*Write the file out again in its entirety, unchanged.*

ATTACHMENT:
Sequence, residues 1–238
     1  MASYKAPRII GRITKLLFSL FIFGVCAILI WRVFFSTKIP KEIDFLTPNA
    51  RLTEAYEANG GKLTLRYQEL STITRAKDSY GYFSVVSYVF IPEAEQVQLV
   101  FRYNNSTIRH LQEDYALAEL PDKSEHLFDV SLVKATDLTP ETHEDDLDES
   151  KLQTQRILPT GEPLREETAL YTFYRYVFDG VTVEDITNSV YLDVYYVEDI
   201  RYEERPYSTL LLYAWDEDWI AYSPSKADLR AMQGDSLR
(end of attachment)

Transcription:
Sequence, residues 1–238
     1  MASYKAPRII GRITKLLFSL FIFGVCAILI WRVFFSTKIP KEIDFLTPNA
    51  RLTEAYEANG GKLTLRYQEL STITRAKDSY GYFSVVSYVF IPEAEQVQLV
   101  FRYNNSTIRH LQEDYALAEL PDKSEHLFDV SLVKATDLTP ETHEDDLDES
   151  KLQTQRILPT GEPLREETAL YTFYRYVFDG VTVEDITNSV YLDVYYVEDI
   201  RYEERPYSTL LLYAWDEDWI AYSPSKADLR AMQGDSLR